NATCHEZ, Miss. — A city in Mississippi is now part of a trail commemorating what was then a nationwide tour by a French general who had participated in both the American and French revolutions.
The Marquis de Lafayette visited Natchez on April 18, 1825, during the second and final year of a tour made at the invitation of President James Monroe and the U.S. Congress.
During those two years, Lafayette stopped at 320 cities and towns in the 24 states then in the union, Lafayette Trail founder James Icher said.
The Virginia itinerary included cities in what is now West Virginia, he said..
He said he hopes eventually to have 175 markers, including one at Le Havre, the port where Lafayette left from and returned to France. About 40 markers have been approved since the project started in 2017, with about 25 installed in 13 states so far, he said in a phone interview Wednesday with The Associated Press.
A marker describing Lafayette’s stay in Natchez was unveiled Wednesday at a lot overlooking the Mississippi River, The Natchez Democrat reported.
The Historic Natchez Foundation and the Daughters of the American Revolution worked with The Lafayette Trail Inc. on the project. Two families offered the property, foundation executive director Carter Burns said.
When Lafayette made his tour, the 50th anniversary of the American Revolution’s end was nearing. Lafayette, who had been 19 when he first came to America, was “the last surviving general of the Continental Army,” Icher said.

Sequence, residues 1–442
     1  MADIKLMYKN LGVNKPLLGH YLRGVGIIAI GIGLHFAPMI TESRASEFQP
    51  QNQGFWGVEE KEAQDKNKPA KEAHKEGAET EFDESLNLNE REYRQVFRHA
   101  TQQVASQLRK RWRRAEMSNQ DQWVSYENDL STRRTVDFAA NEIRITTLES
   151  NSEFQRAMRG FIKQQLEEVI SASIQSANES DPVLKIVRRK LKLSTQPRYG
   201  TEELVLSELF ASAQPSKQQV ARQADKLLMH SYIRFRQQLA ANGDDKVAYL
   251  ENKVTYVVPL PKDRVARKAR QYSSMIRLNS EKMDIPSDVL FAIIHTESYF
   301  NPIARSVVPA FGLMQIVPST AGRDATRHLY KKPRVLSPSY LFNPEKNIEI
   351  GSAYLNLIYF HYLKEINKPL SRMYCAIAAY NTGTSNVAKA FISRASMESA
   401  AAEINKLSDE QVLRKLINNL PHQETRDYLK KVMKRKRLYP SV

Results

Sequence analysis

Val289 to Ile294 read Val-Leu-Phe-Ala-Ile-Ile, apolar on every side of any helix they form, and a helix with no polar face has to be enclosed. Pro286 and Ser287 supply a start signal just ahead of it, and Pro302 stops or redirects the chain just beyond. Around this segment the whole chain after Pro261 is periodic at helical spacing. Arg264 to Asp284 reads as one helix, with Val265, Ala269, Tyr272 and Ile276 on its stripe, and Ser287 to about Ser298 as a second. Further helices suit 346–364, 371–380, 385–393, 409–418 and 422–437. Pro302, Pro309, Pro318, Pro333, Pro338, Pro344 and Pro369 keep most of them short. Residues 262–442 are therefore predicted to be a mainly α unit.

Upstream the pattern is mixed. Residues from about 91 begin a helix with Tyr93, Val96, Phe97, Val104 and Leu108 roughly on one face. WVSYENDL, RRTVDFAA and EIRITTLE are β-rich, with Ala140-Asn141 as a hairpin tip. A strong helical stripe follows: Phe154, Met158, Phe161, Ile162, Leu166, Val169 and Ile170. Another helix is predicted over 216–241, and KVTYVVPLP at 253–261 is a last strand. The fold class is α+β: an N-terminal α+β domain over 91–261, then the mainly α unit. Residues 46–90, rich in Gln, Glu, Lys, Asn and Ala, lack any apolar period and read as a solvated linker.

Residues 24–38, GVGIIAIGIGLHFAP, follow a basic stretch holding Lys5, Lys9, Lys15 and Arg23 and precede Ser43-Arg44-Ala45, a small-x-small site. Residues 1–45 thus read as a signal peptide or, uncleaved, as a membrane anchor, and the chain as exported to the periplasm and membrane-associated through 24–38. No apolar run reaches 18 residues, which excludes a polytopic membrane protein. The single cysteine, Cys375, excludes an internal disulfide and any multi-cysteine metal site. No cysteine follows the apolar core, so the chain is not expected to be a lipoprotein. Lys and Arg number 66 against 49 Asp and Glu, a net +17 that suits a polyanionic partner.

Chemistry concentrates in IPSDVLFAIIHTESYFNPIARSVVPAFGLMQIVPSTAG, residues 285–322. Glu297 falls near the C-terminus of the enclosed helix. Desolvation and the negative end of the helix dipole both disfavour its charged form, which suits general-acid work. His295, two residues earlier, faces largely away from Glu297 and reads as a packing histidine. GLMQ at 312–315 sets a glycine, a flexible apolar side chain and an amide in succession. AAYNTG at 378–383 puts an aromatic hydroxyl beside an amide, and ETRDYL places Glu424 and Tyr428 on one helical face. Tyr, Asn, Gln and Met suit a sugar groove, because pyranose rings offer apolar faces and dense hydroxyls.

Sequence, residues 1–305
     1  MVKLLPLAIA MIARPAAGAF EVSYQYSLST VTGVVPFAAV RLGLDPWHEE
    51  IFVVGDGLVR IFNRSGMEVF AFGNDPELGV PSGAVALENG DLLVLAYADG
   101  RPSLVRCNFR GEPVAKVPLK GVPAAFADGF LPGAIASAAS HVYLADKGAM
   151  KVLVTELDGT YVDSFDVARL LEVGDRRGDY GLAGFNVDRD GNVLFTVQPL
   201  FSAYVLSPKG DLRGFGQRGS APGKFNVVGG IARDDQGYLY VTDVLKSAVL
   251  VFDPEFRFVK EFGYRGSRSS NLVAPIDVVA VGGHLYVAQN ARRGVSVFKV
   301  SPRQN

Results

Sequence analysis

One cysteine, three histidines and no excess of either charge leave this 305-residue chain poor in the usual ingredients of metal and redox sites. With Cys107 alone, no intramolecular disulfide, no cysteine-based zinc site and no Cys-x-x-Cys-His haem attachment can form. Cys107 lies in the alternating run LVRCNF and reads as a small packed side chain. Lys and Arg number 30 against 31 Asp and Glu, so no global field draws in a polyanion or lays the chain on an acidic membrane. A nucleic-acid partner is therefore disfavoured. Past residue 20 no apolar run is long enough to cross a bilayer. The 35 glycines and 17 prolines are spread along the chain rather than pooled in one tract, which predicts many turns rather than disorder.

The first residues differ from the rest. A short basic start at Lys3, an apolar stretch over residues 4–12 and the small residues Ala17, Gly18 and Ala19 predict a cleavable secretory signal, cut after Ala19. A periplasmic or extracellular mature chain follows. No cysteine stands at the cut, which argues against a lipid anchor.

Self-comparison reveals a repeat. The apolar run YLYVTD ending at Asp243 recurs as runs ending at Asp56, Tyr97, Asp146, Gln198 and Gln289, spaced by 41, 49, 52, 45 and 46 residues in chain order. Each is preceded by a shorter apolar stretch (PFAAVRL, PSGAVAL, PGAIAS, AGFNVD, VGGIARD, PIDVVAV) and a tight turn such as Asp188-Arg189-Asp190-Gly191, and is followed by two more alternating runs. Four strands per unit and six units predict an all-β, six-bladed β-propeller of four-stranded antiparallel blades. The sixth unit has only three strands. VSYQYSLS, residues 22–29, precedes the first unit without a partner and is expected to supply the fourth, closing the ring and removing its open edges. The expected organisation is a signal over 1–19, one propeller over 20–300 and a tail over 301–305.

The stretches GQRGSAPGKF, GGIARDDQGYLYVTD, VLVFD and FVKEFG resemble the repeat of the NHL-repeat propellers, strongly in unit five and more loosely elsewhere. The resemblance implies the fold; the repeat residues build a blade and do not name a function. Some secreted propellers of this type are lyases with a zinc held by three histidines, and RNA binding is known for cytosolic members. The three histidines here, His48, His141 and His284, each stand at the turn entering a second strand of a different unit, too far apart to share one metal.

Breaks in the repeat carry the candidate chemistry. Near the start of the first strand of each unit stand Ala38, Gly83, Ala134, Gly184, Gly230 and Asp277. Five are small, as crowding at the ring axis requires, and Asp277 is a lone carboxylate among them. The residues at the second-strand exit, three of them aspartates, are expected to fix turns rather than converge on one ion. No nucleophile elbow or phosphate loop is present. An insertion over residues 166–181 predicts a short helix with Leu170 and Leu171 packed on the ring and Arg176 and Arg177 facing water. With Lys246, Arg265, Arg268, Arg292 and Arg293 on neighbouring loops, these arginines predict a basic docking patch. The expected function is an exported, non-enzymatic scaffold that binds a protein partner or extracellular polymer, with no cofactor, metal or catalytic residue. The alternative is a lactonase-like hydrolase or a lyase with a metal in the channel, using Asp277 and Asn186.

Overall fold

“He epitomized the American Revolution and people received him as a hero,” Icher told the newspaper.
Icher, originally from Carcassonne, France, said he came to the U.S. in 2015 as an exchange student at the College of William and Mary in Virginia and became fascinated by the fervor with which Lafayette is remembered in this country.
In France, he said, Lafayette, who headed the French National Guard during the French Revolution, has detractors as well as fans.
“Lafayette never fully embraced the goals of the French Revolution,” he said. Rather, he said, Lafayette believed that France should adopt a constitutional monarchy with greater rights for citizens.
Natchez is the only Mississippi city that Lafayette visited, Icher said.
He said other states with Lafayette Trail markers are New Hampshire, Vermont, Massachusetts, Connecticut, New York, New Jersey, Maryland, Virginia, Alabama, North and South Carolina, and Pennsylvania.
Lafayette’s visit contributed to national unity, Icher told The Natchez Democrat.
While he was traveling, the U.S. endured a divisive election — the U.S. House chose the winner in 1825 because none of the candidates got an electoral majority in 1824.
“The country survives this election, demonstrates the resilience of its institutions and uses Lafayette to express that and send a message to Europe that the United States is an independent nation. The American experiment is working and it is here to stay,” Icher said.